Cross-language debugging: from Ruby to Java and back

Until we bring the full support for two ways debugging - from Ruby to Java and vice versa; the following "trick" might be used to debug Ruby and Java at once in the NetBeans 6.5 (you might get 6.5 build here). It might be used to debug standard JRuby applications/scripts, JRuby's Java extension or JRuby's internals itself. I'm using it for some time during development of JRuby Fast Debugger extension.

The trick is to start actually two debugging sessions, one for Ruby part and second for Java part (JVM under which JRuby runtime runs). Sessions then automatically activate themselves when the breakpoint for their language is hit.


Except the Ruby IDE, we need to have Java support installed if it is not already the case. This can be find out by looking e.g. into the New Project Wizard. If the Java category is there, we have all we need. If not see the How do I install the Java support into the Ruby NetBeans IDE? FAQ.

So how to utilize it

  1. Open a (J)Ruby project utilizing some Java classes
  2. Go to its properties -> Run category and set JVM Arguments to -Xdebug -Xrunjdwp:transport=dt_socket,address=7000,server=y,suspend=y like on the screenshot (for Rails project the field has to be edited through properties file manually).

    JVM Arguments
  3. Then set the breakpoints in the Ruby code and Java code
  4. Start to debug the (J)Ruby project: Menu | Run | Debug Project
  5. Connect to the JRuby's JVM session: Menu | Debug | Attach Debugger, enter the port 7000, confirm the dialog. (Note that this need to be done within 15 seconds after the Ruby debugger was triggered (previous step). If that's not enough for you, you might increase the Ruby debugger timeout)

    Attach Debugger

That's it. As can be seen on the following screenshot, after I do a step in the Ruby code, Java debugging session take over the control and I'm debugging the Java code called from Ruby code with the full power of NetBeans Java debugger. Once I'm done with Java side I'll just press F5 (Continue) and Ruby debugging session takes back the control and I can continue with the debugging of Ruby part.
Note that if you have JRuby sources you might just set the breakpoint somewhere in the JRuby interpreter's guts and take a look what going around in there.


Clearly not fully-fledged cross-language debugging. Since sessions live their life independently, actions like Step Into, Step Over and similar do not work in the cross-language context. We have to simulate Step Into and similar actions by putting breakpoints on appropriate places. Stacktrace is not shared, so we get two, one for each language, instead of one with nicely mixed frames from both languages. But still, I find it pretty handy during JRuby Fast Debugger development.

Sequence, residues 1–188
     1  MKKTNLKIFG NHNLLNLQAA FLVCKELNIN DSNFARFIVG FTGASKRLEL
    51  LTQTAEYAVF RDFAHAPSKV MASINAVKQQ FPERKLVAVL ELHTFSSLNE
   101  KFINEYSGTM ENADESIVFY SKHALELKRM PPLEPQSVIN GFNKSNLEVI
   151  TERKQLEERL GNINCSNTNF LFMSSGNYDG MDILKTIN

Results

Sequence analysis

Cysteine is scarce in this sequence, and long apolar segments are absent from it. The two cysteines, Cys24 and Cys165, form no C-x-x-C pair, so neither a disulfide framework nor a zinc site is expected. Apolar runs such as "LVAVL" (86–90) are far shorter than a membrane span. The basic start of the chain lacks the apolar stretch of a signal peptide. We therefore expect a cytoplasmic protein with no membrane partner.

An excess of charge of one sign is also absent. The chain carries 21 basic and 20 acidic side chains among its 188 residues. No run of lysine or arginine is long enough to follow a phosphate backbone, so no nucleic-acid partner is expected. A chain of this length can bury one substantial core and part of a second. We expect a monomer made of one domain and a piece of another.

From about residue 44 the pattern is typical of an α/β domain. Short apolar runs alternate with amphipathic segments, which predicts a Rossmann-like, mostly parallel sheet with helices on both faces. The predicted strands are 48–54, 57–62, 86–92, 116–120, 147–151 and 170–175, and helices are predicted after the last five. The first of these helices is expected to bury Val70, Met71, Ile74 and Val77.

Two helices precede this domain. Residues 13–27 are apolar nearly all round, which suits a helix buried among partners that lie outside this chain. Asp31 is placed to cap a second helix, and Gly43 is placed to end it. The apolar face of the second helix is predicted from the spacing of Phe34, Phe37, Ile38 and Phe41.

If you do not want to repeatedly delete and add the long string from the step 2, you might create a configuration as might be seen in the properties screenshot (JRuby Debug in Configuration combobox).

To watch the progress on fully-fledge cross-language debugging, you might CC yourself to this RFE in the Issuezilla.


Good you blogged about this, the feature has been pretty well hidden :)

Posted by emononen on October 21, 2008 at 04:39 AM PDT #

This is a HUGE deal!!! Many of us are really looking forward to this being feature complete. Excellent work!

Posted by Mario Aquino on October 29, 2008 at 06:50 AM PDT #

Erno> sure, such feature should not be for free! ;)

Mario> I'm not sure how much time I'll have for a debugger into the next release, but at least I could make all the above automatic (i.e. starting both session and doing 'Java Debugger Attach') which would help as well, until the fully-fledged solution is available.

Posted by Martin Krauskopf on October 29, 2008 at 06:22 PM PDT #

Thanks for nice description of how to do this. I've been meaning to write it up, but never have time.

I've been using this in various forms since late July including while developing the ruby debugger support in V3. This meant debugging a debugger (written in ruby and java) that is debugging ruby code that is running in java -- cool and crazy at the same time.

Posted by Peter Williams on November 06, 2008 at 05:44 AM PST #

Peter> yup, exactly my mine use-case, debugging the debugger :)

Posted by Martin Krauskopf on November 06, 2008 at 06:46 AM PST #

Do you think this approach would work trying to debug live code on an appserver (ie glassfish)?

Posted by Jay on March 13, 2009 at 03:04 AM PDT #

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